some items shortened:

1.Weeding out GM myths
2.US Promoting GM Research for Africa
3.GMOs & nukes for India c/o USA
4.Brazil GMO soy sales very slow

1.Weeding out GM myths
The Guardian,,1536613,00.html

As someone who was broadly in favour of GM until reading your report indicating that modified genes have been transferred from GM rape seed to charlock (Weed discovery brings calls for GM ban, July 26), I have to say this is far more worrying than it may seem. Charlock is also known as wild mustard, and food historians and geneticists have demonstrated that most of the green vegetables farmed in the western world (apart from lettuce) were developed from it. This suggests that any GM vegetables in the brassica family are vulnerable and whatever trait may be introduced into one plant may be undesirable or even ruinous in another.

Steve Wilson

2.US Promoting GM Research for Africa
From: Gaia ­This email address is being protected from spambots. You need JavaScript enabled to view it.­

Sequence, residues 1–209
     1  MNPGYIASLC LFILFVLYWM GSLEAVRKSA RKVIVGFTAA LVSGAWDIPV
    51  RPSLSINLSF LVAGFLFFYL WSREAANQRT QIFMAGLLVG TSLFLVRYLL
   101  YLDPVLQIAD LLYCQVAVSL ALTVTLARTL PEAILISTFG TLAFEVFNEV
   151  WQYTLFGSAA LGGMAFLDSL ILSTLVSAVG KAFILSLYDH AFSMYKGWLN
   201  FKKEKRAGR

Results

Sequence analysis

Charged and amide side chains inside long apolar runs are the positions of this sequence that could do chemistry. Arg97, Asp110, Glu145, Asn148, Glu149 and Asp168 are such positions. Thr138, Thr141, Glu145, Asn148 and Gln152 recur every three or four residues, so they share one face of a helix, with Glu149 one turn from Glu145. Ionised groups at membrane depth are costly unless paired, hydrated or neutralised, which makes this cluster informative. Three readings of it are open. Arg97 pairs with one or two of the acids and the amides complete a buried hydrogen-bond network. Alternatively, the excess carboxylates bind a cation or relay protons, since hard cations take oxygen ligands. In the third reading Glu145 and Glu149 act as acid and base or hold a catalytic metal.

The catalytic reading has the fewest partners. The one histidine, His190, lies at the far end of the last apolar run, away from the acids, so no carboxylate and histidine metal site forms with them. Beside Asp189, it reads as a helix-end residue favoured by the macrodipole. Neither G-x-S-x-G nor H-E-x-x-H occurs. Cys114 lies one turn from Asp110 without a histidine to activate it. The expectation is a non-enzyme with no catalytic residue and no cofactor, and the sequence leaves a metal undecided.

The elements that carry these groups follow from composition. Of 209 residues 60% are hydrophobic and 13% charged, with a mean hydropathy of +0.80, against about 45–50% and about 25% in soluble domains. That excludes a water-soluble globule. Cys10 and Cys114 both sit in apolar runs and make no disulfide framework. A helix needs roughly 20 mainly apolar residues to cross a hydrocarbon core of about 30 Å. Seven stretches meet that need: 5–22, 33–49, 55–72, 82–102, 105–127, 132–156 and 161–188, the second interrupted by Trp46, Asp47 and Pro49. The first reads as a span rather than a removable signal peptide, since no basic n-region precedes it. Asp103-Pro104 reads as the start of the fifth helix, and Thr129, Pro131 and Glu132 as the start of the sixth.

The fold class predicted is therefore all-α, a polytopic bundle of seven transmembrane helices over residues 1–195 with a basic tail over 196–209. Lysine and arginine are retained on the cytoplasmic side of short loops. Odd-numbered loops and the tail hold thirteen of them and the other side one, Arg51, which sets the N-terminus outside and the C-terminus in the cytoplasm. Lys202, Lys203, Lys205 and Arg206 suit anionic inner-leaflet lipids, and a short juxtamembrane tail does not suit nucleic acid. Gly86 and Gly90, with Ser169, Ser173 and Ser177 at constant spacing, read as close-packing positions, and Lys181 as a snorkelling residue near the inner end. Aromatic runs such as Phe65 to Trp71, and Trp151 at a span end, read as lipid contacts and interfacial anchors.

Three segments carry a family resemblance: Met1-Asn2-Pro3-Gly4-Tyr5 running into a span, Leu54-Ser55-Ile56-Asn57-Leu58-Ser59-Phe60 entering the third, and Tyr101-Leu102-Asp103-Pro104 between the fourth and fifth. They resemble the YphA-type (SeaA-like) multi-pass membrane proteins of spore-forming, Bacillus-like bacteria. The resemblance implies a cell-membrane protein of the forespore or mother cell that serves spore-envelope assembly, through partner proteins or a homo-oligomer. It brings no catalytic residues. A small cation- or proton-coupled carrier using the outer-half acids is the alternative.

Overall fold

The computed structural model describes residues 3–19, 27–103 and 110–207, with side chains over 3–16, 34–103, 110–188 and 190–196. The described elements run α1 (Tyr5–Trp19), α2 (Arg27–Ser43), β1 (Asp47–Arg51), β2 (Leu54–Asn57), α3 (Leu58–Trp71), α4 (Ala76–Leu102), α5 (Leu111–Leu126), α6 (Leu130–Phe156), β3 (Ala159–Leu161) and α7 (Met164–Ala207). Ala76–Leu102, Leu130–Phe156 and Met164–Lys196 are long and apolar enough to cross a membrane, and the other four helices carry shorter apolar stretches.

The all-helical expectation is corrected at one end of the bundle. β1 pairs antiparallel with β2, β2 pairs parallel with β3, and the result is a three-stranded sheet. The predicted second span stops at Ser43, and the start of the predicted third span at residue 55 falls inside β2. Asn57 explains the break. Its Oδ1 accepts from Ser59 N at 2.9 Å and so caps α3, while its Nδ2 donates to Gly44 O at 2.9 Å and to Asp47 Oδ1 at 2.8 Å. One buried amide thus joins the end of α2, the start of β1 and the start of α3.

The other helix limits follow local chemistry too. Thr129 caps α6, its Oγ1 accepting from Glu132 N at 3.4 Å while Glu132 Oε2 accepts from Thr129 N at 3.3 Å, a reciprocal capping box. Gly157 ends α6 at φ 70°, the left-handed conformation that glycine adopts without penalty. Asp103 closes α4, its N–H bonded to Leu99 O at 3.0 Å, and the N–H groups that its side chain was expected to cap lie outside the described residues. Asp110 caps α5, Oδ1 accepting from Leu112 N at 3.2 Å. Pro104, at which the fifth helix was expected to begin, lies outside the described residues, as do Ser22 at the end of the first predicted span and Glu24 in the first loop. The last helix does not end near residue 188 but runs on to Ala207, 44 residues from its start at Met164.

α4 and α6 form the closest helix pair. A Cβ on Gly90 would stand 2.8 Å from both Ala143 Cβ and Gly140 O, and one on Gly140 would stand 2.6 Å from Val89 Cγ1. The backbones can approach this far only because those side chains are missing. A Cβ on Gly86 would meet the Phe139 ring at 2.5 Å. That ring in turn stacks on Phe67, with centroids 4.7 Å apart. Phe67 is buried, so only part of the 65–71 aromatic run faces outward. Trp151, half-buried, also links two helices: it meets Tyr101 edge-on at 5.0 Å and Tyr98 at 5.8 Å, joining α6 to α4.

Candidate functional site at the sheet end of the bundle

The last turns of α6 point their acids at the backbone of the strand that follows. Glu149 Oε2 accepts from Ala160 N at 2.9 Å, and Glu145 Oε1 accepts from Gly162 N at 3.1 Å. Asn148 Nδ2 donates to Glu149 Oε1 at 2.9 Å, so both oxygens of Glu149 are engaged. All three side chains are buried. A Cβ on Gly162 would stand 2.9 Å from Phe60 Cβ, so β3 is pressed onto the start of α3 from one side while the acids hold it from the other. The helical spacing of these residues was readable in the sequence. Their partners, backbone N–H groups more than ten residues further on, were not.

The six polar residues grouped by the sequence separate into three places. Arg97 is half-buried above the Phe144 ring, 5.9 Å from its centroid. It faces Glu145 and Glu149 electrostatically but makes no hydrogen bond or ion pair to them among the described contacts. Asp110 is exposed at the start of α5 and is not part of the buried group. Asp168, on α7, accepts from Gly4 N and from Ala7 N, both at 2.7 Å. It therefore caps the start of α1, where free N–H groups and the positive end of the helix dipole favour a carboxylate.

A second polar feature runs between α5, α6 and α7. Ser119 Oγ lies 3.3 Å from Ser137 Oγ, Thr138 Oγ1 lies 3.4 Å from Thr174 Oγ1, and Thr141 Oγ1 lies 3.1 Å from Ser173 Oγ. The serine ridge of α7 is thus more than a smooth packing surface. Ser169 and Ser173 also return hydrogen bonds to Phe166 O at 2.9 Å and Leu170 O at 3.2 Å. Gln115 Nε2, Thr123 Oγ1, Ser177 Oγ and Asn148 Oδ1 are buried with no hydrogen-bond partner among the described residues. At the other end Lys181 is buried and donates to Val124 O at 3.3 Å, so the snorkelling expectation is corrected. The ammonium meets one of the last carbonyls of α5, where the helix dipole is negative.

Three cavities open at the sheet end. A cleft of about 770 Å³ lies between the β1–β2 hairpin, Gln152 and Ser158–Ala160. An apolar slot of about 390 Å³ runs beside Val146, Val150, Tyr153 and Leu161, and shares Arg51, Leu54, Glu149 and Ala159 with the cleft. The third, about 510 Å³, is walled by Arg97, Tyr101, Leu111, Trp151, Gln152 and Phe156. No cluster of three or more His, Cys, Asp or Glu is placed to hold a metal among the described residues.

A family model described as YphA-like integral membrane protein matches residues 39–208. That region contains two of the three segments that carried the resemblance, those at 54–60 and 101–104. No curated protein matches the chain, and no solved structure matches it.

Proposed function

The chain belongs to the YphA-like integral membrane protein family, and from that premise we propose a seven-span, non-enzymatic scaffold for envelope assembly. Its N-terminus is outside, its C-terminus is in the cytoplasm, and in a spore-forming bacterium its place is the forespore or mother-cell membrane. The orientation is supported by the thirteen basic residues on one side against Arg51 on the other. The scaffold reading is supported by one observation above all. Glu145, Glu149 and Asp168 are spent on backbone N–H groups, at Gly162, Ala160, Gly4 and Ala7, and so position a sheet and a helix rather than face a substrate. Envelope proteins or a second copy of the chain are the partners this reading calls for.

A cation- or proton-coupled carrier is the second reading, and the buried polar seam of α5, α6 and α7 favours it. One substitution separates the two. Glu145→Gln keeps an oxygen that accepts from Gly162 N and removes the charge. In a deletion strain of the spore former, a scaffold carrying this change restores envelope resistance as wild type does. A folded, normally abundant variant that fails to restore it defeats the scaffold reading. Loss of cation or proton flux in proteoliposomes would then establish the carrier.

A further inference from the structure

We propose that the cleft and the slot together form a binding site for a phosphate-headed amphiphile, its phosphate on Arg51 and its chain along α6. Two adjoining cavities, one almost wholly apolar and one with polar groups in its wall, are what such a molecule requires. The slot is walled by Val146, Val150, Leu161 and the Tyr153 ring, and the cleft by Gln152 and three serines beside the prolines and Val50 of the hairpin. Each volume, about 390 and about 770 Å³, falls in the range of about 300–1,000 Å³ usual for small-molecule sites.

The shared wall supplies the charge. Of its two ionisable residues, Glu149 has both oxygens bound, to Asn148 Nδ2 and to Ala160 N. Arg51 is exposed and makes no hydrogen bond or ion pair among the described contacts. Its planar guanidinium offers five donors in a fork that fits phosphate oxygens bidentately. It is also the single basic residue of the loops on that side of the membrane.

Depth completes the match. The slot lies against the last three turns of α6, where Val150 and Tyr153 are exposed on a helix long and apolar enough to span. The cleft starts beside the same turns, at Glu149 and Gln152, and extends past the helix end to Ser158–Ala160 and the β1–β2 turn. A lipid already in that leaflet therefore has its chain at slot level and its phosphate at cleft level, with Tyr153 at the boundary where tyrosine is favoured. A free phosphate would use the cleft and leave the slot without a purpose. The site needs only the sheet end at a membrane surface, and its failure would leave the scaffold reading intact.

Dear Friends and Colleagues,

Researchers presenting a new report from the International Food Policy Research Institute would have us believe many things: that GM crop development in Africa is driven by public research, not corporate funding; that GM will bring amazing benefits such as drought tolerance, increased nutrition and decreased pesticide use; that farmers are clamouring for GM crops; and that Biosafety concerns are a nuisance, and governments that are precautionary are incompetent because they don't have the technology or understanding of GMOs.

The authors seem to think that the fact that if governments don't have the capacity to deal with GMOs, this should not get in the way of their widespread acceptance.

Joel Cohen, co-author of the report, is not objective and impartial, however. He was part of the USAID/Monsanto team that chose Dr Florence Wambugu to promote Monsanto's GM sweet potato as a Kenya Agricultural Research Institute initative. Even though the GM sweet potato was a complete failure, this project succeeded as a major PR campaign, falsely selling the potential of GM to feed the starving of Africa.

The IFPRI report is part of a recent increasing US push for GM crop acceptance across Africa. American policy institutes and American Universities are writing reports about Africa's desperate need for GM crops, and inevitable failure without them. The richest man in the world, American Bill Gates, has given millions to fund development of GM cassava for Africa, but to an American institution. The Bill and Melinda Gates Foundation is also funding a partnership between Wambugu's own organization, Africa Harvest and US biotech corporation DuPont to research GM sorghum, again in DuPont's own laboratory in the US.